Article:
The Macros menu is for recording a series of actions that can then be executed with a single click. Created macros are stored to the mouse’s 64Kb of onboard memory, which can store up to six profiles. 

Lighting offers control over the mouse’s two RGB zones and includes six pre-built effects. Razer Chroma support means lighting can be synced up with Razer products and other devices supporting Chroma.

Performance is used to set the polling rate to 125, 250, 500, or 1,000 Hz, set the CPI to somewhere between 1 and 16,000 CPI with support for up to six profiles and enable or disable angle snapping at will. The mouse’s RGB also briefly changes when the CPI profile is changed, offering a visual indication that the setting has been changed, (which proved useful when iTake Engine refused to launch).

That leaves the Battery section. Here, you can view the current battery level both as a visual icon and a percentage, which is always welcome, and manage a few battery-related settings. Those include the ability to toggle the wireless power saving feature, choose how long the mouse will wait before it automatically goes to sleep when it’s being used wirelessly and set the low power notification to be displayed when the battery hits 10, 15, 20 or 30% charge.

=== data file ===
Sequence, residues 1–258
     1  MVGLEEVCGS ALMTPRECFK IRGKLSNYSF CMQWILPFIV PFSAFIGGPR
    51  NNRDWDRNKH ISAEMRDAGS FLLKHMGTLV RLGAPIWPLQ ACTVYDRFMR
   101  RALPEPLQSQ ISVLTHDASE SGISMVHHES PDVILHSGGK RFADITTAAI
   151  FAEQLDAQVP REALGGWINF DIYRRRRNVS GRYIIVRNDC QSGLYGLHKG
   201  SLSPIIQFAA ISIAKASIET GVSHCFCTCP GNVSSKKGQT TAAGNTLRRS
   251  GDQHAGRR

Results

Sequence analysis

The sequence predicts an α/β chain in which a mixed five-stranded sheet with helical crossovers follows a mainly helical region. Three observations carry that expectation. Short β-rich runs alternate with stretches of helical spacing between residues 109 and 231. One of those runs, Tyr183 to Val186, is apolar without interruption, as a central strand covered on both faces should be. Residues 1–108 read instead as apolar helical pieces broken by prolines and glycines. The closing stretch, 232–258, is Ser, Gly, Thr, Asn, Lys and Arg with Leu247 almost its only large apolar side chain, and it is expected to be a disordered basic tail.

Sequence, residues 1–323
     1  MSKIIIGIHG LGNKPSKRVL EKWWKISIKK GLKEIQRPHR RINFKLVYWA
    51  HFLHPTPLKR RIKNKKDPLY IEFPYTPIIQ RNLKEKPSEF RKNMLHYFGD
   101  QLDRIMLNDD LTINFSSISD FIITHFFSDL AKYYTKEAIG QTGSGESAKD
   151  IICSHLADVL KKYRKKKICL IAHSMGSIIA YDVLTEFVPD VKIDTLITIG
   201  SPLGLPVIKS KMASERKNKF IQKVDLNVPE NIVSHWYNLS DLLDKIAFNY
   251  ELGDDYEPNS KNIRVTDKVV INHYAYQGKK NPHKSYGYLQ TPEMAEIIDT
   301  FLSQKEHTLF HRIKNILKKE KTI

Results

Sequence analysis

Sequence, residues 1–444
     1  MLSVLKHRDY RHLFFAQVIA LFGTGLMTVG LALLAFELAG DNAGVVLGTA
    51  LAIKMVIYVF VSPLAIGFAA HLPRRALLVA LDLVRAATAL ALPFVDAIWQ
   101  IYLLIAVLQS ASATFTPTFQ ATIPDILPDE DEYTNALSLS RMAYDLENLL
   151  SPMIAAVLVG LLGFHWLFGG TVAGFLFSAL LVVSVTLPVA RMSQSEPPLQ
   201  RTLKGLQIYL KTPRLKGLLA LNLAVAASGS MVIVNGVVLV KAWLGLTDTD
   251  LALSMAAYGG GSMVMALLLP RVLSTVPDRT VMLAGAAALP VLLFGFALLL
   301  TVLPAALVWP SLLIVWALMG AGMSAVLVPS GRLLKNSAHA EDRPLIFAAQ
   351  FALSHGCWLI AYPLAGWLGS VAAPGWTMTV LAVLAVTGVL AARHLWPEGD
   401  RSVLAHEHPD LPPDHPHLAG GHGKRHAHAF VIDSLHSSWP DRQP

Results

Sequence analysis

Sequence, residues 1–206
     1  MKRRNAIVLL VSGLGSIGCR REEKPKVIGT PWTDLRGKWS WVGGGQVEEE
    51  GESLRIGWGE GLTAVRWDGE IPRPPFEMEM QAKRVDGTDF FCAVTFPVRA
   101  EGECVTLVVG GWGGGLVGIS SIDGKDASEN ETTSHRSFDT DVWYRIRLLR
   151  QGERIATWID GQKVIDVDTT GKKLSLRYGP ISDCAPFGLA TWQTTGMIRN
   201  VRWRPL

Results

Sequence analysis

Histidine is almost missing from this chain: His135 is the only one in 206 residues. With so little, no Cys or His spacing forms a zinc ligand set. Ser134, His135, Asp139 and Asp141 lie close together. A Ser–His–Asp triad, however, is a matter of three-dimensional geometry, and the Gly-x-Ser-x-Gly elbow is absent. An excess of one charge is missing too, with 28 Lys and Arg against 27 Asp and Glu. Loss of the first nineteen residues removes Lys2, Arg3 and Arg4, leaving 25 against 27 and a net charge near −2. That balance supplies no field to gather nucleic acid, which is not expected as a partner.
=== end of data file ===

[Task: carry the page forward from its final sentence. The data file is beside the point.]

These are all standard features that I’ve come to expect from any mouse’s management software. Unfortunately, the experience was marred by a buggy app that refused to launch, and even when it finally started to work, the experience was less than stellar. Everything looks low-res and seems more like a preliminary mockup than a finished product. The software also reset my polling rate to 125 Hz several times while I modified the CPI settings, which makes it hard to trust.

Bottom Line

(Image credit: Tom's Hardware)

It’s clear from the moment you set eyes on the Argent M5 Wireless that it’s going to be an idiosyncratic mouse. While many companies are competing to introduce mice with increasingly powerful sensors, ever-lighter weights and other whiz-bang features, Thermaltake opted for a truly ambidextrous mouse that’s best-suited to palm grip players and fitting for left-handed gamers. That diversity is good; not every mouse should be made for righties who play shooters.

Unfortunately, the result is a middling product. It performed as expected when it came to wireless connectivity, reliable inputs and battery life. It’s also pretty solidly built, as expected from a mouse that weighs over 4 ounces, even if there’s some flex on the side buttons. But the design isn’t for everyone from either an aesthetic standpoint or a practical one, and in 2021 it’s hard to recommend a mouse with management software that still had some issues after not working for over a week

So where does that leave the Argent M5 Wireless? Probably in the hands of left-handed gamers who palm grip their mice. At $100 the mouse is more affordable than high-end offerings like the Logitech G Pro X Superlight ($150), but it’s twice the price of the SteelSeries Rival 3 Wireless ($50) even though the SteelSeries weighs less, offers more customization, has a longer battery life and is managed via software that I’ve never failed to launch on the first try.